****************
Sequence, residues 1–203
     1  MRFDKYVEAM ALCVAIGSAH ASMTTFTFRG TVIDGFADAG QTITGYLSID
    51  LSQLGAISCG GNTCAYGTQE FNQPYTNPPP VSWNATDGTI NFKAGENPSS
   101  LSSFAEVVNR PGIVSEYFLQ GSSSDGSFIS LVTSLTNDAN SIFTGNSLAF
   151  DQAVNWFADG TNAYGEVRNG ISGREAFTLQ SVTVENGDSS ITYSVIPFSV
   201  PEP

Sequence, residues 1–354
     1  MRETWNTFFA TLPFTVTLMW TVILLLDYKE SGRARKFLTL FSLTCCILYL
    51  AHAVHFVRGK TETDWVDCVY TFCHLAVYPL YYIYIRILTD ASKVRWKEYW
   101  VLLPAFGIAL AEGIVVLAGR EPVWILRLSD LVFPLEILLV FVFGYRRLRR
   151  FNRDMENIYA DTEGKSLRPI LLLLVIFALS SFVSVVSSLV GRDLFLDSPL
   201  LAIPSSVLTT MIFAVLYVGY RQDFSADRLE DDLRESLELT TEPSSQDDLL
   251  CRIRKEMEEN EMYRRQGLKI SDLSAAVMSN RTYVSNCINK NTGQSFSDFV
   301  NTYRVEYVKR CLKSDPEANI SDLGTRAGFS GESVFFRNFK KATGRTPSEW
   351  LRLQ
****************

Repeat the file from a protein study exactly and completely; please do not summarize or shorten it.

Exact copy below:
Sequence, residues 1–203
     1  MRFDKYVEAM ALCVAIGSAH ASMTTFTFRG TVIDGFADAG QTITGYLSID
    51  LSQLGAISCG GNTCAYGTQE FNQPYTNPPP VSWNATDGTI NFKAGENPSS
   101  LSSFAEVVNR PGIVSEYFLQ GSSSDGSFIS LVTSLTNDAN SIFTGNSLAF
   151  DQAVNWFADG TNAYGEVRNG ISGREAFTLQ SVTVENGDSS ITYSVIPFSV
   201  PEP

Sequence, residues 1–354
     1  MRETWNTFFA TLPFTVTLMW TVILLLDYKE SGRARKFLTL FSLTCCILYL
    51  AHAVHFVRGK TETDWVDCVY TFCHLAVYPL YYIYIRILTD ASKVRWKEYW
   101  VLLPAFGIAL AEGIVVLAGR EPVWILRLSD LVFPLEILLV FVFGYRRLRR
   151  FNRDMENIYA DTEGKSLRPI LLLLVIFALS SFVSVVSSLV GRDLFLDSPL
   201  LAIPSSVLTT MIFAVLYVGY RQDFSADRLE DDLRESLELT TEPSSQDDLL
   251  CRIRKEMEEN EMYRRQGLKI SDLSAAVMSN RTYVSNCINK NTGQSFSDFV
   301  NTYRVEYVKR CLKSDPEANI SDLGTRAGFS GESVFFRNFK KATGRTPSEW
   351  LRLQ